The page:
4 Coping Skills to Practice When Your Therapist Is on Vacation

Your therapist tells you she is taking a two week vacation. You think it won’t be that bad, but then she tells you that because she’s coming back on a Wednesday and you usually come on Tuesdays, you’re really going to be missing three weeks of therapy. You sit there in her office, in your place of security, in complete shock. What are you going to do?

This exact scenario happened to me this past month.

I have been seeing my current therapist for almost three years now. She knows me more than I know myself. She has seen me at my best, she has seen me at my worst. She has seen me in times when I was thriving and she has seen me when all I wanted to do was go to sleep forever. Needless to say, I rely on her a lot. I am extremely attached to her — some may say almost too attached to her.

And now I wasn’t going to see her for three weeks.

It may seem silly to say, but those few weeks felt like years. I was trying to tell myself I was OK, that I could do it without her. Some days I felt confident, like I never needed a therapist in the first place. But then there were the bad days, the days that overpowered the confident ones. They were the days when all I wanted to do was cry. I felt so alone. I knew I had no one to turn to. Yes I had friends, but without my therapist I felt like I was on my own. I knew she still existed, I knew she still cared about me. But with me, if someone is not physically there telling me that it’ll all be OK, then I don’t honestly believe it to be true.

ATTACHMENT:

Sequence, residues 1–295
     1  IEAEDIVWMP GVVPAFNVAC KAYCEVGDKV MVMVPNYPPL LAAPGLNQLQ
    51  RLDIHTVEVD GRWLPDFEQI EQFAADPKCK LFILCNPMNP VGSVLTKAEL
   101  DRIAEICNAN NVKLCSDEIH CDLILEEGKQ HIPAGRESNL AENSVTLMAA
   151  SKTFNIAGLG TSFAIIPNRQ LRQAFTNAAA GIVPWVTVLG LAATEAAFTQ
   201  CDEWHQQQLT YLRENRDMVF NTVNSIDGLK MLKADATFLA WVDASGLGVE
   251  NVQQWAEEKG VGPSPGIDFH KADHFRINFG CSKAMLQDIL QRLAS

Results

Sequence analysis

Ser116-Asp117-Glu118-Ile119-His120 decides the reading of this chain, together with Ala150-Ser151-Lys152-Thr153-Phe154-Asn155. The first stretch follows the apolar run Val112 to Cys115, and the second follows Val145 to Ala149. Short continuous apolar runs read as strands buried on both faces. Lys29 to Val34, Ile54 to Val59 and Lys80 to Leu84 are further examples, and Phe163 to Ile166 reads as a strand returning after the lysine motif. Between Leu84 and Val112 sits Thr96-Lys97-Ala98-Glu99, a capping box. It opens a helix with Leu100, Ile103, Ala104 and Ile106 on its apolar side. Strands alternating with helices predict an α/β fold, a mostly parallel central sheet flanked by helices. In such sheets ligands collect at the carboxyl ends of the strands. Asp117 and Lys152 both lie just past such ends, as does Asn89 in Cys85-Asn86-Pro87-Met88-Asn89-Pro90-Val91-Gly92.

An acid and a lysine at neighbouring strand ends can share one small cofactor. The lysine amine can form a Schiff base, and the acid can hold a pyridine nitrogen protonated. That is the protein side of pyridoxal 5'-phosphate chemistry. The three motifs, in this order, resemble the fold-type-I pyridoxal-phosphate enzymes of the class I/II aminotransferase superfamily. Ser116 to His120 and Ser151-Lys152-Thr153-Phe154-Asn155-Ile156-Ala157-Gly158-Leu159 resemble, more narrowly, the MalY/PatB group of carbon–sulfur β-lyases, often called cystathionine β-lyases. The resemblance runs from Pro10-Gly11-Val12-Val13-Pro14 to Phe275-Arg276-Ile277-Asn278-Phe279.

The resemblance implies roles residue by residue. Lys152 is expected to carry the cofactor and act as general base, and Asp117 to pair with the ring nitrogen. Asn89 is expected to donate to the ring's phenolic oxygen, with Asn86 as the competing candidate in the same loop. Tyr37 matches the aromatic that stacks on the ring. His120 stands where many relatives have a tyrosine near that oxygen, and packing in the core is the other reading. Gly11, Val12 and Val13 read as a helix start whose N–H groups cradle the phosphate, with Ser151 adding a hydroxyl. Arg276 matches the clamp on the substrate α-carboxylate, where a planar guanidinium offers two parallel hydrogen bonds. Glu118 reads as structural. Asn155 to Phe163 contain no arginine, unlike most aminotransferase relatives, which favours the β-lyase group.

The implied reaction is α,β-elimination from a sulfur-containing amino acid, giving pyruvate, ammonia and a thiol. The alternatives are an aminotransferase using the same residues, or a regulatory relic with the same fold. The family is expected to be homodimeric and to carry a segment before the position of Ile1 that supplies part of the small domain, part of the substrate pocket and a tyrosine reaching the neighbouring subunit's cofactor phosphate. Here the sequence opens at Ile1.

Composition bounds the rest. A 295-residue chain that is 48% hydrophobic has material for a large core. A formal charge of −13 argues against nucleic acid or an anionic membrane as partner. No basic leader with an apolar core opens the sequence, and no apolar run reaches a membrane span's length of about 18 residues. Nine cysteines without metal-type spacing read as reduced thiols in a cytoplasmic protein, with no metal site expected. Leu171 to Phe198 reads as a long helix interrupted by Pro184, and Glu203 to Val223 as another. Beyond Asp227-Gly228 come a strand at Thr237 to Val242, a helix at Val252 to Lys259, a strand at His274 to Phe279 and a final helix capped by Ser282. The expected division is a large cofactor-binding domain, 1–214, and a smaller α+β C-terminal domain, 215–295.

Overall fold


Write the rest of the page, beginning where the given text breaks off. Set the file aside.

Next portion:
Therapists deserve vacations. They deserve to take time for themselves, because the nature of their work can be very emotionally taxing.

Here are a few things to get you through your therapist’s vacation:

1. Surround yourself with friends.

Friends are not therapists but, if you surround yourself with good people, they can really help you in times of distress. Have someone you can call — whether it be to go to Starbucks for coffee or just for a drive. Being physically alone is often not a good idea when you feel like you are in crisis.

2. Take up a new hobby!

If your friends are not available, having something to do when you feel down is golden. One example you can try is picking up an adult coloring book! That may seem childish, but they are targeted towards adults — with intricate designs that can keep you busy for hours. Indulge and buy yourself some fancy markers too. You won’t regret it.

3. Watch funny Youtube videos!

Even when I am really sad, I can’t help but laugh while watching “The Ellen Show.” That’s only one example. Find something you like and go with it.

4. Write down your feelings.

Pretend you are talking to your therapist. If you are in a crisis, write down what is bothering you and prepare to bring it to your next session. Sometimes this can help alleviate the feelings of loneliness.

It seems so difficult — I know it firsthand — but it is indeed possible to get through a period without your therapist. But if you have the right tools, you will make it out on the other side unscathed.

If you or someone you know needs help, visit our suicide prevention resources page.

If you need support right now, call the National Suicide Prevention Lifeline at 1-800-273-8255 or text “START” to 741-741.

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Thinkstock photo via Dragonimages.

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